By Matt Negrin
CAIRO — Just through the windows of a Coptic Christian hospital was a perfect portrait of Egypt’s complex religious landscape: Church spires with Coptic crosses reaching into a purple-and-pink-stained sunset were framed against the crescent of a mosque’s taller minaret from which the Islamic call to prayer carried on the hot city air. Inside the hospital’s white rooms, five Copts lay recovering in white beds while families walked from doorway to doorway, talking with each other as if strolling down their neighborhood street, which wasn’t far away.
They talked of fear and uncertainty on this day last month, feelings that have lingered weeks after the latest attack on the Coptic community: The army’s killing of 27 people protesting the recent burning of a Coptic Christian center in Upper Egypt and the refusal of the ruling military council, Supreme Council of the Armed Forces (SCAF), to be held accountable for its use of violence against civilians.
On Saturday, demonstrations against the anti-Coptic violence at Maspero were held across Egypt and at Egyptian embassies in America, Canada and Europe where many Copts have steadily migrated over several generations. On Friday, Christians and Muslims marched past the hospital where the wounded were treated and into Tahrir Square. The demonstrations reflect mounting fears in Egypt’s Coptic community and its Diaspora that after the pro-democracy uprising of earlier this year the predominantly Muslim Egyptian society seems as indifferent to the Christian minority’s concerns as ever.
INSIDE THE HOSPITAL, WHISPERS OF FEAR
In the dimly lit hallways of the hospital, answers were hard to find about the Oct. 9 killings at Maspero, the name of the government TV building around which the Copts demonstrated to draw attention to the attack on the Coptic center and what many Copts feel is a rising culture of intolerance. .
In the hospital ward here, reporters visiting with these Copts were told not to ask about “the accident.” Hospital managers hovered by the doors. Yet when nurses left the room, patients whispered of conspiracies and expressed their fears. .
Moreed Khairollos, from the poor Cairo area of Imbaba, lay in bed. His wife said she still has a shirt with burn marks left from two bullets that were fired through his back.
“But they reported it as stabs. They’re protecting SCAF,” she said, referring to Egypt’s de facto ruling military council. “But no one is protecting us.”
Along the Nile, Copts’ anger has been renewed at a critical time for Egypt, so close to its first parliamentary elections since Hosni Mubarak was kicked out. The Oct. 9 Maspero massacre struck the same discriminatory chords for Copts as did the fatal bombing of an Alexandria church in January and the burning of an Imbaba church in May. Though all of Egypt’s future is uncertain as it trundles toward democratic changes, Copts fear that their fate could be disastrous if sectarian violence continues.
“What happened was a tragedy, no doubt,” Gen. Mahmud Hegazy, a member of the military council, said in a rare TV interview. “But people should not point out that these are Coptic casualties. They are Egyptian casualties.”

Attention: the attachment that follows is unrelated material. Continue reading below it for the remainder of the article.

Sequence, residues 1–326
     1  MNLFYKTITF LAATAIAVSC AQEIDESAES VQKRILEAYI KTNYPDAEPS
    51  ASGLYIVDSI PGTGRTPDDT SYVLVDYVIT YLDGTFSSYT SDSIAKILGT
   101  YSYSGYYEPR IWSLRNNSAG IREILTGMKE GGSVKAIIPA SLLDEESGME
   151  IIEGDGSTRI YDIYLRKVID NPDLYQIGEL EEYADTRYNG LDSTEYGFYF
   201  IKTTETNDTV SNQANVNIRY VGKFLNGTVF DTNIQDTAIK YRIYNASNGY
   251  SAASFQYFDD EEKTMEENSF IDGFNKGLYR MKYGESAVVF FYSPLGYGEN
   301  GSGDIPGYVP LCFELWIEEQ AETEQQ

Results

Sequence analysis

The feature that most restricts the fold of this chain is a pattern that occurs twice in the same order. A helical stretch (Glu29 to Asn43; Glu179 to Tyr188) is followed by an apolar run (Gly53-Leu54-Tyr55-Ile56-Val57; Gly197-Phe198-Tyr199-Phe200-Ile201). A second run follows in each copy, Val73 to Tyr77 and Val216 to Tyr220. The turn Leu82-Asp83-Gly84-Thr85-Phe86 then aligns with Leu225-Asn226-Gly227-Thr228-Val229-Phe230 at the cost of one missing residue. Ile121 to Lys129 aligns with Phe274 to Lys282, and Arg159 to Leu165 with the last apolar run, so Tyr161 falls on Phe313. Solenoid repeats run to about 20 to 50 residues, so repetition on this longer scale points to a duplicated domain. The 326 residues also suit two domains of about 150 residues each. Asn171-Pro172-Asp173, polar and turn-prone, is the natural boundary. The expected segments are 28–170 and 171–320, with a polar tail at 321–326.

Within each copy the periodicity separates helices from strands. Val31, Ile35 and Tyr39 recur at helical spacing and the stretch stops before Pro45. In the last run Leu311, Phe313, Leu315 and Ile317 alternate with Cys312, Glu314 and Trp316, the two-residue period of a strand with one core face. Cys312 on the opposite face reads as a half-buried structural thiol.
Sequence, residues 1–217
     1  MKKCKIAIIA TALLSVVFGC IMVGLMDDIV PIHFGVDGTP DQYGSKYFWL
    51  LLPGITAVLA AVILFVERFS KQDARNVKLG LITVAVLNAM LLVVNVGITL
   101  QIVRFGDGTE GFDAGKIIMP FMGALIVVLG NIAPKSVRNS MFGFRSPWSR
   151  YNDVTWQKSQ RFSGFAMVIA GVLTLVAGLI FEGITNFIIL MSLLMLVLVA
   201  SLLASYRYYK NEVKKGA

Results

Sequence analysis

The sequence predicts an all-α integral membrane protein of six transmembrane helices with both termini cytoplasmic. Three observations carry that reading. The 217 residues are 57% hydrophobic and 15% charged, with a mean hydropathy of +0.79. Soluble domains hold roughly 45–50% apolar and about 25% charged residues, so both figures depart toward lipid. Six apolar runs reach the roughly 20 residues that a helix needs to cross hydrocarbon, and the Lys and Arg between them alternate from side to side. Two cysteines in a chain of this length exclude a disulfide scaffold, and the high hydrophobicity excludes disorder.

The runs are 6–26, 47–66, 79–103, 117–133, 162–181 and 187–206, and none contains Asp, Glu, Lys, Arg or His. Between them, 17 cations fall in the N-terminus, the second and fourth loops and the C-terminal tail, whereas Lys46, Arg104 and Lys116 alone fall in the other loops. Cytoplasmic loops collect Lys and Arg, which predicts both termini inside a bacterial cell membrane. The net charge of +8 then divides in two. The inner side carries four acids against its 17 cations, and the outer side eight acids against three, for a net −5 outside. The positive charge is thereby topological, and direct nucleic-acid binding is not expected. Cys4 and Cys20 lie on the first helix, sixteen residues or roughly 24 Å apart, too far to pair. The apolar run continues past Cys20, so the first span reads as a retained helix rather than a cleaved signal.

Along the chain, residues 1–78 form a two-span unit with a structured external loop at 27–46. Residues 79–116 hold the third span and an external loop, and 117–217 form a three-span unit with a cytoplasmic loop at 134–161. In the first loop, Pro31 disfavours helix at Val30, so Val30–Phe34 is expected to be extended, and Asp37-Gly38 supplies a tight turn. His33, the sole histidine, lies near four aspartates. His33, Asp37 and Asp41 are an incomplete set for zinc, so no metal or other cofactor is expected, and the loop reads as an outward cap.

Those “casualties” are a reminder to Copts that they are fighting for equality, but as some pro-democracy activists point out the military appears to be as brutal to Muslims as to Christians when it comes to putting down demonstrations.
Reportedly, all but one of the 27 people killed on Oct. 9 were Christian. And they weren’t the only people hurt that night. Along with the five Copts hospitalized on the third floor, a single Muslim patient, Ahmed Abdel Haleem, was recovering from being shot in the leg while he was trying to help protesters he saw while taking a walk.
His sister and mother sat in the corner of the room with the Koran and fresh bread, near the window that looked out on the Cairo cityscape of the crosses and the crescent. Since he was taken to the hospital, he has been visited by not only his Muslim family but by Christians whom he doesn’t even know.
“We’ve been brothers and friends throughout our lives,” Abdel Haleem said of Christians and Muslims, as the Islamic evening call to prayer blared into his room from the minaret’s speakers. “I’m glad that I did something good.”
While he spoke softly, the organizer of the Maspero protest, Evon Mussad, rode into Haleem’s room in a wheelchair. She is an engaging powerhouse and Coptic community organizer who was hit in the back by the butt of a gun by an officer who called her an “infidel” at the protest. She introduced herself to Abdel Haleem and asked if he needed anything.
“Thank you,” she told him, referring to the risk of violence he took and the subsequent injuries he suffered to support the Copts in their protest.
Thousands joined in the October 9 march in a rare show of strength. After soldiers shot at and ran over Copts, which was captured on video and aired on satellite television stations, the hospital was flung into chaos. Some unconscious patients were initially left for dead in the morgue, which was built to hold three bodies at once. After it overflowed with corpses, the hospital decided to expand it so it can hold eight.
“Just in case anything might happen,” Sabr Atta, the overnight shift manager at the hospital, said outside the under-construction morgue one night as another call to prayer swept through the hospital’s dark outdoor corridors.